|Spreading center type:||Back-arc basin spreading center|
|Time of cessation:||Suggested ages: ca. 20 Ma (Barker et al., 1984), 14.4 Ma (Bohoyo et al., 2002) or ca. 15 Ma, C5ADn (Maldonado et al., 1998), 19 Ma or 25 Ma (Eagles and Jokat, 2014)|
|Subsequent active spreading center:||(?) East Scotia Sea BAB spreading center|
|Cessation style:||Not constrained by available data|
|Later deformation or volcanism:||Cessation of subduction of Weddell Sea crust, and the subsequent collision of oceanic crust formed in the Jane Basin with the Jane Arc may have led to compressional deformation within this basin.|
Grikurov and Leychenkov (2012) regional geological map of the Antarctic margin indicates an approximately 500 km long extinct spreading ridge to the south of the South Orkney microcontinent and to the north of the Jane Bank, an extinct island arc. This proposed backarc basin spreading center is thought to be of Neogene age and likely follows the placement given by Maldonado et al. (1998). An early study by Barker et al. (1984) proposed a ridge-crest collision between the Jane Bank and the Southern Scotia Ridge at around 20 Ma. This presents one possible age and mechanism for the cessation of spreading in this basin. Alternatively, Maldonado et al. (1998) infer that the Jane Basin may have ceased spreading during the middle Miocene, after around 15 Ma.
Bohoyo et al. (2002) interpreted magnetic anomalies within the basin to be the sequence C5Dn (17.6 Ma) to C5ADn, giving an extinction time of 14.4 Ma. Bohoyo et al. (2002) argue that spreading was initially concurrent with crustal spreading in the Weddell Sea, whilst this crust was being subsequently consumed at the Jane Bank subduction zone. They argue that the Weddell Sea ridge then collided with the Jane Arc and that this led to the initiation of the back-arc spreading within the Jane Basin (ibid).
Eagles and Jokat (2014) favoured an age estimation for the Jane Basin that is based upon thermal subsidence models, because they believe that these may be more reliable than interpretation of the low-magnitude magnetic anomalies found within the basin. Their method, however, offers two significantly different possible ages of basin formation, which are from between 27 to 19 Ma or between 32 to 25 Ma (Eagles and Jokat, 2014).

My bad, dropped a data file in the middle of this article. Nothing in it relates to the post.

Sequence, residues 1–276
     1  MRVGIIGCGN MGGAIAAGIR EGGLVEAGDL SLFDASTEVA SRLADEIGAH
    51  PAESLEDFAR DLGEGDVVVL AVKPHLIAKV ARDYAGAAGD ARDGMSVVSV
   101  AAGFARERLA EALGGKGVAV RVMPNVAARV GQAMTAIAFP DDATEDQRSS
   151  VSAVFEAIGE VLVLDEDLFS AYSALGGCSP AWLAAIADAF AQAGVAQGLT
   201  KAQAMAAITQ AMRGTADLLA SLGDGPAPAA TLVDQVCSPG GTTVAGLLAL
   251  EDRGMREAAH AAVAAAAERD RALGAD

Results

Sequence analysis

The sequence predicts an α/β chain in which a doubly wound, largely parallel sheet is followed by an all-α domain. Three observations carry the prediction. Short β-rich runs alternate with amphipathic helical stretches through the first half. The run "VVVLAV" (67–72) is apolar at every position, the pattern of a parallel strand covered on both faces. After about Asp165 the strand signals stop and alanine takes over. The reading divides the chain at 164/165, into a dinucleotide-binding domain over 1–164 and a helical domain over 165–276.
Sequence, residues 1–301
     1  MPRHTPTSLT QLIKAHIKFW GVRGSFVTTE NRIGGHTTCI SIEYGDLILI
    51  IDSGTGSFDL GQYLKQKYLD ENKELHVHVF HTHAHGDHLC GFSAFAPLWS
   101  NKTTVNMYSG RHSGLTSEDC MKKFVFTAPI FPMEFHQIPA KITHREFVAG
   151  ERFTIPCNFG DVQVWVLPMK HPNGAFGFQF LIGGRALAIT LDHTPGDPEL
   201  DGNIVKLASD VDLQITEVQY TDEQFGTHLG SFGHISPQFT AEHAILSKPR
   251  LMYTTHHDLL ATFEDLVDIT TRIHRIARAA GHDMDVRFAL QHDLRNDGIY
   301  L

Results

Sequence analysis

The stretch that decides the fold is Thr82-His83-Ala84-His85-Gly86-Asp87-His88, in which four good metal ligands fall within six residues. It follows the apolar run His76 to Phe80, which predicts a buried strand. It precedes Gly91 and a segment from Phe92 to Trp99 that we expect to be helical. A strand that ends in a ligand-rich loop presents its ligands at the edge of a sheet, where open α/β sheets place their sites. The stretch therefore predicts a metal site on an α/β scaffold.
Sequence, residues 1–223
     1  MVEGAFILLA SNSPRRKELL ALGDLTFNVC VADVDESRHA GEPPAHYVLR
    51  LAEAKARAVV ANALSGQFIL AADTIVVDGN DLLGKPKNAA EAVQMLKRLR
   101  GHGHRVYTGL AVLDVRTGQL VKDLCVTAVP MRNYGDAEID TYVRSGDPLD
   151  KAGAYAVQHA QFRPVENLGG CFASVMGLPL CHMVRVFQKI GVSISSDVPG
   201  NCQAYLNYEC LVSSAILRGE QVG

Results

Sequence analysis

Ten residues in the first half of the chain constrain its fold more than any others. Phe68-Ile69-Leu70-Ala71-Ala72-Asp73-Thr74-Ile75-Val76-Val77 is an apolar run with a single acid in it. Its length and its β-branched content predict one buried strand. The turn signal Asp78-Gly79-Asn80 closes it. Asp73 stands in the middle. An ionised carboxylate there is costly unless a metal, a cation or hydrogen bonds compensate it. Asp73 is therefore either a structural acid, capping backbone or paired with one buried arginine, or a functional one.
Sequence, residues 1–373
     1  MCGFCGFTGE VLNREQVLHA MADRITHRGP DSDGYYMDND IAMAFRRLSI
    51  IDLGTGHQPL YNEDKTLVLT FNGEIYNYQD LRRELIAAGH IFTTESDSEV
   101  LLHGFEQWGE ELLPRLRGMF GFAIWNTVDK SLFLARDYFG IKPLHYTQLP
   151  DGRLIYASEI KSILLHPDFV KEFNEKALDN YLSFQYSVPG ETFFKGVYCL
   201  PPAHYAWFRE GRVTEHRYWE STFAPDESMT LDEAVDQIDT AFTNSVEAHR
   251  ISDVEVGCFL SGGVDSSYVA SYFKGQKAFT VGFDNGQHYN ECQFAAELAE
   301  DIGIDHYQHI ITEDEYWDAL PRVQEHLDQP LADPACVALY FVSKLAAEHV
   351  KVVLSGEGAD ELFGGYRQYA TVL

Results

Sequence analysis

Barker et al. (1984) suggest that collision of the Jane Bank, an island arc, with the South Scotia Ridge at ca. 20 Ma, could have coincided with or post-dated cessation of spreading within the back-arc basin, if an earlier time of formation is accepted for the Jane Basin crust.
The Jane Basin is sandwiched between a microcontinent and an inactive volcanic arc that is thought to have collided with the South Scotia Sea transform ridge, making interpretation of the location of extinct ridge axial segments difficult. As with several other back-arc spreading centers, it is difficult to see a strong gravity signal from the axis (see for example the extinct Grenada Basin or the active North Fiji Basin).
Barker, P.F., Barber, P. and King, E.C., 1984, An early Miocene crest-trench collision on the South Scotia Ridge near 36 W, Tectonophysics, v. 102, p. 315–332.
Bohoyo, F., Galindo-Zaldívar, J., Maldonado, A., Schreider, A.A. and Suriñach, E., 2002, Basin development subsequent to ridge-trench collision: the Jane Basin, Antarctica, Marine Geophysical Researches, v. 23, no. 5, p. 413–421.
Eagles, G. and Jokat, 2014, Tectonic reconstructions for paleobathymetry in Drake Passage, Tectonophysics, v. 611, p. 28-50.
Grikurov, G. E. and Leychenkov, G. 2012. Tectonic map of Antarctica, Scale 1: 10 000 000, First edition, Commision for the Geological Map of the World.
Maldonado, A., Zitellini, N. and Leitchenkov, G., 1998, Small ocean basin development along the Scotia–Antarctica plate boundary and in the northern Weddell Sea, Tectonophysics, v. 296, p. 371–402.